The Frozen Tundra

No, this post is not about Lambeau Field. I know that might be hard to believe, but it's true. I'm referring to Logan, Utah. Yes, that frozen desert of a wasteland that I've called home for the last two and a half years. Now this is by no means a shot to all those wonderful people who love Logan and have lived here for their entire lives. There are plenty of great things about this place. The snow, however, is not one of those great things.

I am from Houston, Texas. The most snow I've ever seen there was probably when i was seven years old. I remember I was at school and, out of nowhere, my teacher told us to grab our coats and follow her outside. Once we finally walked outside, we saw what amounted to snow flurries. Of course, us kids thought that it was a full on blizzard. We stayed outside for about thirty minutes, staring up into the sky and spinning around in circles. That is my idea of playing in the snow.

All of this was brought on by the eight or so inches of snow that has fallen here in the past day or two. The stark contrast between the two just blows my mind. Living here for almost three years still hasn't done much to acclimatize myself to all the snow that falls here throughout the year. All I know, is that if it is still snowing here come May 1 (like it did last year), I may just have to relocate to Jamaica or the deep jungles of Brazil. Only time will tell on this one.


Memories of Spring

When I was a kid, I loved going to the park. Usually it was to play football with the other kids from my school, but I was in love with jumping off swings and sliding down slides as well. Of course, that lumps me into a massive group with about ninety percent of other children. Let's be honest though, if that many kids like something, then it must be pretty awesome, right?

My favorite time to be outside was in the Spring. To me, that was the premier time to go to the park and swing or slide in the usually humid city of Houston, Texas. There was nothing quite like swinging so high that you would partially fly out of the swing on your way back down because of inertia and momentum and all that other scientific lingo. Talk about a rush! Amazingly, I think I could count on one hand the number of accidents that have befallen me as a result of being crazy on a swing.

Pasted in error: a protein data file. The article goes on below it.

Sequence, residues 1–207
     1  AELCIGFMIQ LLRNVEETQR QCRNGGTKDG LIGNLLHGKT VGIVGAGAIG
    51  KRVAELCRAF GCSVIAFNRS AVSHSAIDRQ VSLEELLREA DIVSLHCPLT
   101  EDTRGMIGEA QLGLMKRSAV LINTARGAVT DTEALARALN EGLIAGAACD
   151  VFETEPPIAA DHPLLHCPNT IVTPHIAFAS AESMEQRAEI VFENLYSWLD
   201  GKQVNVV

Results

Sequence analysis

Another thing that I really liked to do was make my way to the highest point on the playground and look down at everything. Back then, and even now, it was hard for me to understand the fear people had of heights. Of course, the fear of falling from heights is a much different matter. Anyway, I remember I would climb on to the top part of the slide and stand up and look out at everything that I could see. I would then proclaim myself the "King of the Playground". Sometimes I would substitute "king" with other dominant words such as "Ruler", "Czar", or "Ultra Dominator". All of them were great fits though, so it didn't particularly matter to me which ones my friends decided to use.

After a long afternoon of "ruling my domain" I would usually find a nice big tree somewhere and lay down underneath it. I would stare up into the branches usually looking for squirrels (which were more common than mosquitoes it seemed) and birds. This, of course, resulted in a great deal of bark falling into my eyes, which I'm still convinced has something to do with the sad state of my ability to see these days. More often than not I would fall asleep for twenty or thirty minutes and then wake up wondering why all of the blankets had been pulled off of me. It usually took me about a minute to remember where I was and what was going on.

Those were definitely the "care-free days" that most people long for. Not much to care about besides a page of math homework and wondering when the next time I'd get to play Mega Man was. To me though, Spring Time equaled Park Time. Nothing quite like it.